• The panel’s award for its favourite entry: A €10,000communications package . The winning startup will be networked with all the competition partners

The Public’s Awards

  • 1st Prize as voted by the public (1st position in the #TOP100 after the public vote): a cheque for €2,000, Bonjour Idée communication package and the startup will be put in contact with all the competition partners
  • 2nd – 5th Prizes as voted by the public: Bonjour Idée’ communication package.

The Partners’ Special Awards

In addition to the judging panel and the public awards, our partners will grant Special Awards, each one accompanied by a cheque for up to €5,000, support packages and Bonjour Idée communicationpackage.

  • OCP Agritech Special Award which will be given to an innovative agricultural startup.
  • The SNCF Destination Africa Special Award which will be given to an international startup willing to settle in Africa.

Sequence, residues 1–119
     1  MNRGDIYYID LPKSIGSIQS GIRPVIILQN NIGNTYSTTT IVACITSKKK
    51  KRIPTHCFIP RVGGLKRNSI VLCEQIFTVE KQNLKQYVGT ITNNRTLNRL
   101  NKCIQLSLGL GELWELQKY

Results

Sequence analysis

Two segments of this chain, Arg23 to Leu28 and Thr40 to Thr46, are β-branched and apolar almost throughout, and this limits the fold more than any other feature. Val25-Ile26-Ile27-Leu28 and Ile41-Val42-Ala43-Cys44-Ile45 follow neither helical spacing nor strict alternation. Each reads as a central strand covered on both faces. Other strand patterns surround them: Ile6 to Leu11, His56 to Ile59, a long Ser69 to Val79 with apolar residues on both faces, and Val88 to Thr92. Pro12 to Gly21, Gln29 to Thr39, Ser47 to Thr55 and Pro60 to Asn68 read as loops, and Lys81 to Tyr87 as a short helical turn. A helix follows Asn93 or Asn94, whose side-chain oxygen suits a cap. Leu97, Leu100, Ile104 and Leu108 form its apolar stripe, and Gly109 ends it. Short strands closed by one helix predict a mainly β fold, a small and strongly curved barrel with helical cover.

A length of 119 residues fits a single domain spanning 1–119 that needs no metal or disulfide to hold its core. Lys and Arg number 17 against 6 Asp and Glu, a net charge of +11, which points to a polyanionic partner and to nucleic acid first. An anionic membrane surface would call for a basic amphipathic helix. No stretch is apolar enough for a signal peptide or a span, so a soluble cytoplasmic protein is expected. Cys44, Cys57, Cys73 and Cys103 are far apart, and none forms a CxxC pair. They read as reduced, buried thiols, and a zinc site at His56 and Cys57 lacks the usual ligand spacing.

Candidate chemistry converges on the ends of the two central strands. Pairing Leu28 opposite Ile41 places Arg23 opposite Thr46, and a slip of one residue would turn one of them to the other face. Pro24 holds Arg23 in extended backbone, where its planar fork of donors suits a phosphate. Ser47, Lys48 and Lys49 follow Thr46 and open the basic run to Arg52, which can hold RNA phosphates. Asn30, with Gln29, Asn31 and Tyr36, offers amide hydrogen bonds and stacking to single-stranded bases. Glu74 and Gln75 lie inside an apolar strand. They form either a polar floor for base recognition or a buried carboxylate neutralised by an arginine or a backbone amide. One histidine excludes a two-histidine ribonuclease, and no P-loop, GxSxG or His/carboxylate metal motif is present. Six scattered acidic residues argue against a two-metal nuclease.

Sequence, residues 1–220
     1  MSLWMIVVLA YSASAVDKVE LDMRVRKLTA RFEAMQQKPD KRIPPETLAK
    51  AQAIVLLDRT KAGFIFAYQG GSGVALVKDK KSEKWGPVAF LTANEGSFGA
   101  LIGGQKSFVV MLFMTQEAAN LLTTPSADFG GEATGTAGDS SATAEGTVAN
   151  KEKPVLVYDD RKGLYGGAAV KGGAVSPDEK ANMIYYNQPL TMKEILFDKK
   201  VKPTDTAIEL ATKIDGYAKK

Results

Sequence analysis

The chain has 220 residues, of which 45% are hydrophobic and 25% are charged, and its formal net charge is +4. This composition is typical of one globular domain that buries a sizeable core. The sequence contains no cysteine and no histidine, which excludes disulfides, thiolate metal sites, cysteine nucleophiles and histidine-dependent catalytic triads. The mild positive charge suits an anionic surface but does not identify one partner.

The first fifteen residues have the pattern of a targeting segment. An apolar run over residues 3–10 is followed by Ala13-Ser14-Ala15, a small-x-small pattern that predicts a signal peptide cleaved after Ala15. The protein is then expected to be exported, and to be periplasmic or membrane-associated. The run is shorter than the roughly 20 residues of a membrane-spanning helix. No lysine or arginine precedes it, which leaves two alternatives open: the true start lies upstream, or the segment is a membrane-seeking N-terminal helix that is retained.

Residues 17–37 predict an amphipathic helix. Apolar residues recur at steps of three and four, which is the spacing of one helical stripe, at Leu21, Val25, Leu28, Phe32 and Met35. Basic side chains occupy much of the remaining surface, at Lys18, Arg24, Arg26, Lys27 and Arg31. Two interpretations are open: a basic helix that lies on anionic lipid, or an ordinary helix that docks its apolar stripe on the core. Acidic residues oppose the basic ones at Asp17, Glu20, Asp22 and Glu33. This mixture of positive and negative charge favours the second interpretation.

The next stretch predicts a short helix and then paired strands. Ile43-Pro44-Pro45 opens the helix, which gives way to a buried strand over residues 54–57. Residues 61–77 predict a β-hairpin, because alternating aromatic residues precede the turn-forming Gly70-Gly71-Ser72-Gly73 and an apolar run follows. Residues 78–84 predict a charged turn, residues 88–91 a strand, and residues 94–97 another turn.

• The African Diaspora Special Award which will be given to a startup founded by an African diaspora member .


The calendar

  • 9 November 2016 from 10am ‘til midday official launch event conference for the Startup of the Year/Africa 2017 competition, held at COP 22 in Marrakech (Morocco)
  • Until 31 December 2016: call for applications and online submissions
  • from 2 ‘til 15 January 2017:Public vote to determine the public’s top 100 startups.
  • 26 January 2017: Conference and awards ceremony in Casablanca, Morocco.


The process continues throughout the year, promoting African startups and monitoring actions undertaken by partners as part of open innovation programmes to support entrepreneurship and innovation in Africa.

More Information

Visit the Official Webpage of the African Startup of the year